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I wasn't planning to deal with some of the more esoteric corners of Mormon doctrine today, but the blogs are humming about the Jesus-Lucifer connection. It's the same question Republican presidential hopeful Mike Huckabee is said to ask in an upcoming Dec. 16 New York Times magazine interview, "Don't Mormons believe that Jesus and the devil are brothers?"
Associated Press leaked part of the magazine story late Tuesday.
Mr. Huckabee, who is running neck-in-neck with former Massachusetts Gov. Mitt Romney, a Mormon, knows there are places in Mormonism where Mr. Romney's campaign does not want to go.
Breitbart had also posted a debate Mr. Romney had about his faith with a radio talk show host in
"It's interesting we're having this teachable moment," Gary Cass, chairman of the Christian Anti-Defamation Commission told me. "If Romney becomes president, you will get a knock on your door and a nice-looking missionary saying, "Would you like to hear about the faith of our president?"
Adding that he grew up among Mormons in
He's got that last part right. This morning, I was in a meeting with two of apostles from the church's Quorum of Twelve. They were making the rounds of newspaper editorial boards this week to better explain their religion to media who don't get it.
They gave a group of us at the Times some impressive statistics of a 12.8-million-member religion with 53,000 roving missionaries in 178 countries. Since 1985, the Church of Jesus Christ of Latter-day Saints has given out $705 million in humanitarian assistance.
But when I asked M. Russell Ballard and Quentin R. Cook about the spirit brother question, they dodged it.
All they would say is that Jesus was the son of God and Lucifer was a fallen angel.
Yes, but what about a pre-historic time before Lucifer fell?
So I began trolling about. First I looked at a document, dated Janury 2000, that the two men left me. Also posted on the front page of LDS.org, it is called "The Living Christ: The Testimony of the Apostles."
It says "(Jesus) was the Great Jehovah of the Old Testament."
Then I learned that several LDS apostles and luminaries, including Spencer W. Kimball, president of the church from 1973 to 1985, had referred to God having two spirit sons known as Lucifer and Jehovah.
Here is another Mormon-related site that explains the "spirit brother" connection. Basically, there was an incident before the dawn of time when God knew he would have to send down a savior. Two of his spirit sons, Jesus and Lucifer, volunteered. This is explained in Abraham 3:27 and Moses 4, both chapters in the "Pearl of Great Price," one of the LDS scriptures. When God chose Jesus, Lucifer rebelled.
The rest, as they say, is pre-history.
I will now post my input on the issue:
Thank you sooo much! Not too many papers are dealing with this aspect of the discussion which we can only scratch the surface of here. Much Appreciated WT.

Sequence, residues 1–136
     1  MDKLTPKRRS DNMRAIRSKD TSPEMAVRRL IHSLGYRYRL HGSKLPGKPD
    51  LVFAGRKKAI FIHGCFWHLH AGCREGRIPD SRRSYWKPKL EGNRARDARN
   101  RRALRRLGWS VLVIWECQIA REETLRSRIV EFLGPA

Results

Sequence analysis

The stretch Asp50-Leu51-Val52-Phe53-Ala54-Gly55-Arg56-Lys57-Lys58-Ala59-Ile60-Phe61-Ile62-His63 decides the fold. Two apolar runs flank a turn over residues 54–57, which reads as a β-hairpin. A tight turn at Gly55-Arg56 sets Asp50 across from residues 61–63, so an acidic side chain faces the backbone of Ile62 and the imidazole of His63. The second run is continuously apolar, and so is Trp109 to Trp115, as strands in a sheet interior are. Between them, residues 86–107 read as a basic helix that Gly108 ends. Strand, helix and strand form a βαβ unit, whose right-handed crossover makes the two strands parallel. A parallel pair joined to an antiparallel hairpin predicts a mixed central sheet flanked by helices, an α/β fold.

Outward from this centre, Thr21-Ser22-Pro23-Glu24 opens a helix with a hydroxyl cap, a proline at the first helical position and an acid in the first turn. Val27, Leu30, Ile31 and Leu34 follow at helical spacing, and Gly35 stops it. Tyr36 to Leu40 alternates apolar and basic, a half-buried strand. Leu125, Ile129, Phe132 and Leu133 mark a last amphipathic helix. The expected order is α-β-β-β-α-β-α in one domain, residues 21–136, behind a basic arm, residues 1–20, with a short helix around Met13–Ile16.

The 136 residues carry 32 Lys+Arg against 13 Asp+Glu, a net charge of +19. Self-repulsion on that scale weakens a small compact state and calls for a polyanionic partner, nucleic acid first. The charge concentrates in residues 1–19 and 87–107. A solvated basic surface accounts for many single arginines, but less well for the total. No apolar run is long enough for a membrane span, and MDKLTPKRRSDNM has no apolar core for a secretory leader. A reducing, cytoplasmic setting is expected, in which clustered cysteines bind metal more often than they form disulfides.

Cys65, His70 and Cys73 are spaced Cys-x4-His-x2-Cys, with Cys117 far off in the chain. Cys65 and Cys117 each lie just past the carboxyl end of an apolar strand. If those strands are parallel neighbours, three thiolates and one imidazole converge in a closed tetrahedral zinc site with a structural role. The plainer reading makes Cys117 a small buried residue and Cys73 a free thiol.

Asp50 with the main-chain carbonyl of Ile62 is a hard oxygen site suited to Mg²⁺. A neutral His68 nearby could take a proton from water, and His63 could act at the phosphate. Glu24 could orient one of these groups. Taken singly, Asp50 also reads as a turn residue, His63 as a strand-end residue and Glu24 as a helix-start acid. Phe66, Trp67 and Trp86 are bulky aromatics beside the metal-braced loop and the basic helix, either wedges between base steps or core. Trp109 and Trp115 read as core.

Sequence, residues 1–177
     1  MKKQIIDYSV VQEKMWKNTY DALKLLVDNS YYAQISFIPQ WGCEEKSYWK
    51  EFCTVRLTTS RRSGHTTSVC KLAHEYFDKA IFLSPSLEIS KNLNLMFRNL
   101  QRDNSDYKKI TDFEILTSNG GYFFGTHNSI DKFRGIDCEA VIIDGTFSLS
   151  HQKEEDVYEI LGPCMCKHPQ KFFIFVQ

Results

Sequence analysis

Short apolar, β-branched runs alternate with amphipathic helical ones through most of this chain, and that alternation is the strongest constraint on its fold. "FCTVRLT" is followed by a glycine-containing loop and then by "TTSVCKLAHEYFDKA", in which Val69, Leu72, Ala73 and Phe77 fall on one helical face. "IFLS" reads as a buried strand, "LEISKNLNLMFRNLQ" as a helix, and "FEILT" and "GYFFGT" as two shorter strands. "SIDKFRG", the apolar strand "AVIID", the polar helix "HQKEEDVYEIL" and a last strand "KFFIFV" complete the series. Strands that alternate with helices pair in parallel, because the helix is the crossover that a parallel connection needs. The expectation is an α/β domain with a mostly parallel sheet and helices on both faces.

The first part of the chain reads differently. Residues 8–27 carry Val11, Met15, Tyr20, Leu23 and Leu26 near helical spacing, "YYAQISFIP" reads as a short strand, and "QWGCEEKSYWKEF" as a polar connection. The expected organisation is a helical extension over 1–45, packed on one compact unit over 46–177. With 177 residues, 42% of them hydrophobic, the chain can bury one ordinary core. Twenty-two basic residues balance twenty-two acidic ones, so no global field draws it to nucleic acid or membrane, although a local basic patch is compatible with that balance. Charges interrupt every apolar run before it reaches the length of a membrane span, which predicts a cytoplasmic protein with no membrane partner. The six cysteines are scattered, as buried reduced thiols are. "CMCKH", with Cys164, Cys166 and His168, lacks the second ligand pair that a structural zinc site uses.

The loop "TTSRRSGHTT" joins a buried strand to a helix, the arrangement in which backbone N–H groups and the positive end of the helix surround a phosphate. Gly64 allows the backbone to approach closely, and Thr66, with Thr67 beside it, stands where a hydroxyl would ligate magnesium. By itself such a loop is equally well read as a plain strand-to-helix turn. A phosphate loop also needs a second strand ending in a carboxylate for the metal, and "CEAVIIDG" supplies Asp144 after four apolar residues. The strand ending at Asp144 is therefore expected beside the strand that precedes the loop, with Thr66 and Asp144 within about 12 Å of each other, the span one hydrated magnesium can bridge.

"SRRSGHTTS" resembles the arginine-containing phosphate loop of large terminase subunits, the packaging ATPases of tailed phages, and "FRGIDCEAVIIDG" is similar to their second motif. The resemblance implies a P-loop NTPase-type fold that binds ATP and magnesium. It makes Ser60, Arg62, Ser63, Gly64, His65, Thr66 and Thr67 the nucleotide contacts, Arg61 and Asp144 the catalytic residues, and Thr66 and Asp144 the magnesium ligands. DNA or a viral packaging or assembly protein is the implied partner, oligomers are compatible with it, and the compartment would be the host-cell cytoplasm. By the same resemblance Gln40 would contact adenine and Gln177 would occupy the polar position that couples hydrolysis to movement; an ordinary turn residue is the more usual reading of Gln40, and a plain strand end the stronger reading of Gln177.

Being a conservative Evangelical, I am wrestling with this theology almost like the first time I encountered it nearly twenty years ago. After studying Jehovah's Witnesses and Mormons for nearly that long, it was old-hat, so-to-speak. Now, however, it is washed in a newness that has infected even the counter-cult websites. Now Mormon eschatology is being rooted around for, since many believe these are the "end-times," trying to fit every President in some manner to the New World Order and other intricate beliefs of our depraved minds… this time is no different than the six letters of Reagan's name, the "secret society" Bush Sr. belonged to, the supposed executive orders granting Clinton -- via FEMA -- control over our lives, and little Bush… now thought to be Satan himself by some holding posters in anti-war "marches" (e.g., really, anti-Bush, anti-capitalism, pro-veganism marches). The possibility of a rational discussion about theology -- given the wildness in thought from the Left, and the almost cavalier belief about core-truths in regards to religious beliefs -- is not in the cards. The McLaughlin Group proved that.
So the deeper philosophical questions about the impossibility of an infinite regress of gods being born to other gods (See: The Mormon Concept of God: A Philosophical Analysis by Francis Beckwith & Stephen Parish) is an exercise in futility – politically speaking.
In regards to (as a footnote here) that interview of Romney via that radio show, I have isolated a portion of that "debate/interview" that will make the brow of the eschatological fans rise. In the portion I isolated, which I will repost at my site, Mitt Romney mentions a Mormon author, Cleon Skousen. While Mitt wasn't referring in his mentioning him all the authors' works, I would be curious as to which of the authors books Mitt has read. Cleon Skousen wrote a couple of classics in conspiratorial thought (which I use to swallow "whole clothe") which are entitled for the investigative mind:
The Naked Communist; and, The Naked Capitalist.
These are usually found in any John Birch book store right next to Tragedy and Hope, by Carol Quigley, and None Dare Call it Conspiracy, by Gary Allen. This conspiratorial view that is now working its way into the back streets of the Leftist mind first came from us Conservatives (unfortunately). So the fact that Joseph Smith was a Freemason and many of the
OoHh! … the pains of having read 1,800 [+] books cover-to-cover are now hitting home in my mind!